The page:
exactly is Thorsten Streichardt? For clearly, in all this he retains his orientation toward the art system. From this systemic perspective of the beholder, he succeeds in throwing open the windows onto other dimensions of labor, production, agency, creation. In any event, he constructs no illusory outside for himself or for us. He continues to refer to the difference between artistic production and practice, sometimes approaching the question from the media aspect, sometimes from the aspect of genre. For several years, he has been focusing on a special artistic technology and the work categories traditionally and currently associated with it from several perspectives. The analysis of the claim to power associated with drawing – in the midst of modernity and yet at the same time embodying historicity and the precision of the ingenious stroke become current – emerges in a familiar place in the oeuvre of Robert Rauschenberg. It can be heard to echo in Streichardt’s newer works, linked to drawing, especially in Eraserface (2006), the eraser wall drawing that has already in part rained down onto the bookshelf beneath it, but also as a selfportrait with the wide grin of the famous Cheshire Cat, the cat from Alice in Wonderland, an image, whose constituting particles of eraser remains seem to claw to the white wall surface. If there is a Rauschenberg allusion here in the air – Streichardt denies it, but you can never know – it would certainly be Rauschenberg’s long term hit of “drawing critique,” his Erased De Kooning from 1953, in which the artist – causing both storms of outrage and enthusiasm, stole a drawing of his colleague, then erased it, and placed it in a white cabinet matting in a gold, glazed frame. We only see the traces of the De Kooning drawing, and, of course, eraser rubbings on the paper, which has already begun to yellow.

In Thorsten Streichardt’s case, the gesture of obliteration, a brutal one, also in the word itself, is not the oedipal appropriation of a purportedly greater artist authority, as in the case of Rauschenberg – here the original drawing was an abstract concept that is at the same time present, because it can be seen in the eraser marks (nobody can tell me that they saw a grinning cat on the wall beforehand!) but also absent, because here the categories medium and content are filled in a disturbingly false fashion. Herein lies an unmistakable gesture of selfreflexivity, that of the artist subject as well as his technical means of proceeding. This gesture can be found in a highly altered form in other Streichardt ideas based on drawing, where he repeatedly allows the remains of the cultural critical options of “nature” and “technology“ to collide against one another. A key point here seems to lie in the act of obliteration – not always as literally as in Eraserface, but often in the sign of erasing the personal trace, his own signature, his character – an artistic selfdissolution that is reminiscent of similarly positioned traditions, not so much those of conceptualism, but rather the dandylike surrealism in the circle around Duchamp, Picabia, and VilaMatas. For some time, Thorsten Streichardt has been exploring the physical conditions of a more abstract form of drawing. What in some cases appears as the conventional form of a gestural abstraction and a “registration”of nervous energies is constantly relativized in a distantiated step back from the authenticity of the pictorial form. This can be a mini video cam linked to the drawing instrument, that virtually places us inside the drawing pencil, or the stubborn repetitive discipline of certain abstract traditions is made ungenuine by the overfulfillment of schematicism or the consciously inappropriate transfer to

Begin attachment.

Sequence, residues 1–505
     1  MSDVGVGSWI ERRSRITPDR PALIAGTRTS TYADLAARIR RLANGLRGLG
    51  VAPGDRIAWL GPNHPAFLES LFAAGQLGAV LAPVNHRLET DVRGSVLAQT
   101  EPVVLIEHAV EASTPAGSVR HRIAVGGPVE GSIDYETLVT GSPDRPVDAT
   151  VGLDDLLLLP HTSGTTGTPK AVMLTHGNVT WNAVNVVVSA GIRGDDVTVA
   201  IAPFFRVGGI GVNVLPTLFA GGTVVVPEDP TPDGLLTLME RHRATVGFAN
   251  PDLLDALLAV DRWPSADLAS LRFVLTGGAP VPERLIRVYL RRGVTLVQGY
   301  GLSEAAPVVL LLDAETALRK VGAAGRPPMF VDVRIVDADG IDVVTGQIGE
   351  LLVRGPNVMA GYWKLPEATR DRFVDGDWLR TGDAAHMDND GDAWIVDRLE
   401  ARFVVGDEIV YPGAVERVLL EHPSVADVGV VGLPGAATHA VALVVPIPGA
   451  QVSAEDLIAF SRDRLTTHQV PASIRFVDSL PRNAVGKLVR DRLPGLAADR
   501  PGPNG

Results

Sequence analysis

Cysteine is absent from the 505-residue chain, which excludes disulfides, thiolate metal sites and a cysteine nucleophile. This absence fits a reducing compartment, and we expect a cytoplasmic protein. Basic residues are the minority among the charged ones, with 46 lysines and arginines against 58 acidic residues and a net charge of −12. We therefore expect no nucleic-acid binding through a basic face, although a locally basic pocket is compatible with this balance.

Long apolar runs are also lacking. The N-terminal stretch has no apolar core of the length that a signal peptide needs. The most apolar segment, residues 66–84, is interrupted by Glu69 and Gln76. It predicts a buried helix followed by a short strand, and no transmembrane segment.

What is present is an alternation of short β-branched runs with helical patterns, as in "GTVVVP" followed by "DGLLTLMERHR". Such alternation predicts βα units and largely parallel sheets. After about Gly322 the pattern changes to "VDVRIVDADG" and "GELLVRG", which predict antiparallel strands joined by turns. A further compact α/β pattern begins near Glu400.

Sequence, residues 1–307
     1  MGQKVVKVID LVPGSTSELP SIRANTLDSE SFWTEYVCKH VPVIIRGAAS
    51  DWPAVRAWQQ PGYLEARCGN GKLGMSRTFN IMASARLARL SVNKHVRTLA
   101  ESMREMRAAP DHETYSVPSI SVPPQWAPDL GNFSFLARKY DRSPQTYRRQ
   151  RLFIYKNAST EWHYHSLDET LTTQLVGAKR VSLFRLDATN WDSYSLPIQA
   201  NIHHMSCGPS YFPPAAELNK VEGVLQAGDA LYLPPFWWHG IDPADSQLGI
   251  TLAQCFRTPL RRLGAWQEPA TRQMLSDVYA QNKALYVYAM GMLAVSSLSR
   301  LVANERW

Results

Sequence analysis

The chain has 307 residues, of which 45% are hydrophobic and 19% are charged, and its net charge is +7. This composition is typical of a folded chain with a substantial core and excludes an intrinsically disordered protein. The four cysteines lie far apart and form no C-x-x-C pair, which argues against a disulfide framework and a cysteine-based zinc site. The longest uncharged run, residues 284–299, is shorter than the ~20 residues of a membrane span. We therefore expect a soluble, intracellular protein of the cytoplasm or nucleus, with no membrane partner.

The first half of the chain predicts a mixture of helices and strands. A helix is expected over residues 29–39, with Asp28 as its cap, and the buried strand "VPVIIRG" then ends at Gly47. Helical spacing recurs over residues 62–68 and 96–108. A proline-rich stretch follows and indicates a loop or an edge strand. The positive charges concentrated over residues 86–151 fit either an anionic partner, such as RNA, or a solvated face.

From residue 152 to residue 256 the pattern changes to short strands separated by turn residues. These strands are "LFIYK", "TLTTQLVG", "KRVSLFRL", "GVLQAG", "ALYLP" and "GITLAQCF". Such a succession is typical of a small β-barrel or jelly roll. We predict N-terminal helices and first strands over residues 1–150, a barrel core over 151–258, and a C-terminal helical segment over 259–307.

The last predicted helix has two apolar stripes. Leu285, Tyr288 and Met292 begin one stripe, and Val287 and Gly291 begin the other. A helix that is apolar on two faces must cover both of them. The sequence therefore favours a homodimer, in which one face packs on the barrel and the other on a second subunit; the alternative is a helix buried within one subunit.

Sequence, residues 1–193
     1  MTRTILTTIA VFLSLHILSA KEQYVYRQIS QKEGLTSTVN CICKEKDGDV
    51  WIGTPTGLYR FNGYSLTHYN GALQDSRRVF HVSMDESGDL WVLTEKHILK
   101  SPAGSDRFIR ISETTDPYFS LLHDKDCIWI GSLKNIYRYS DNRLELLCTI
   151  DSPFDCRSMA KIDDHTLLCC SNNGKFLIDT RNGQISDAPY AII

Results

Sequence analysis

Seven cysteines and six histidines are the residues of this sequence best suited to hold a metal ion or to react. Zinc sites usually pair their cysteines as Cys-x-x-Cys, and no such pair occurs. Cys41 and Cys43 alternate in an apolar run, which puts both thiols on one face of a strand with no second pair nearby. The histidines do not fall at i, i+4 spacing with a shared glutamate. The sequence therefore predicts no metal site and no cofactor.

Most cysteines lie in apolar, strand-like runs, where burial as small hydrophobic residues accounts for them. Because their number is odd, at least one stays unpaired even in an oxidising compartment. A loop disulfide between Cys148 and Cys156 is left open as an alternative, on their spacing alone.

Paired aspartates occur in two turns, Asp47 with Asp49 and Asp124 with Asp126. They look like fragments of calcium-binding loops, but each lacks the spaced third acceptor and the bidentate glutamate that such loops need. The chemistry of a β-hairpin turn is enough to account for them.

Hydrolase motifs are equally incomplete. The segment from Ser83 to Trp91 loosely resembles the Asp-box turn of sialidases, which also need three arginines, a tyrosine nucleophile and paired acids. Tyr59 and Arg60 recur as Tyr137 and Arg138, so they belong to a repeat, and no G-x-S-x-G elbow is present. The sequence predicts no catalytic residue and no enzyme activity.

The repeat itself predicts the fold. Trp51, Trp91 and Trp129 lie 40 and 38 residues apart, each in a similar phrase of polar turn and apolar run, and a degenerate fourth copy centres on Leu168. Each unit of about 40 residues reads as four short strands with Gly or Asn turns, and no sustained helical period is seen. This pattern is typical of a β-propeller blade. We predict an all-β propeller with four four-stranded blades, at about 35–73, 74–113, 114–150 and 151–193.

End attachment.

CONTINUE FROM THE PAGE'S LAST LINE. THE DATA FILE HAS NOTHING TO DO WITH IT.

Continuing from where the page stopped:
the aesthetic of digital media. In the new works, a microphone records the sounds made by the act while drawing. On first glance, this makes the small drawings appear literally hammered onto photographic paper – street scenes, building, and interior – reminiscent of visual techniques like printing with screens or pixels, yet the sound components emphasize quite clearly a physical basic structure of world perception. But this in turn can strengthen the psychology of the perception situation by way of its “mechanical” subjection in drawing. Everything brought to consciousness in the artistic act evokes the thought of its opposite. In the 2007 300 dpm drawings, that are brought to approach the mechanical and hammered out with verve, something emerges from the sea of identical pointillisms that can be called “drawn.” They are “views” (whose thematic selection should not be too easily imagined), but at the latest the “dpm” of the title surrenders them to the media present. Recently, the reference to parameters of drawing that are not usually considered fundamental, above all the acoustic dimension, that direct our attention with a classical subversion technique from the retinarational aspect of “modern” drawing to the uncanny of the scratching, tacking, scraping, and grating of the act of drawing. While 300 dpm might also bring other predecessors to mind – Morris’ Box with the Sound of Its Own Making (1961), for example – but here the avantgarde artist’s subjectivist act of will is clearly undercut, if Streichardt’s installation generates a far more complex disparity with relatively simple means. In the Willingshausener Freilautzeichnungen in which he let others draw to his noise recordings, the aspect of selfeffacement steps further towards the foreground, at least if we concentrate on the artistic gesture of handing tasks over to “nonartists,” representing an important opening

within the exhibition concept. Different degrees of the immaterialization of artistic labor could be found here, but through the stubborn play on the reference variables of an “apparatus of drawing,” the entire possibility of artistic and “nonartistic” signs in their own contexts of signification, at issue is precisely the moderation of various approaches to action that only begin with the analysis of the influence exerted by the materiality of technology, but by no means end there. Thorsten Streichardt shows an important current task emerges in the critical translation of modern transgressions towards an artistic concept of action, not just analyzing one’s own means, but also actively differentiating. This includes a reliance on the possibilities of influencing processes in the gray area between artistic and not artistic labor that precisely demand a significant degree of communication and negotiation.

Clemens Krümmel (translated by Brian Currid)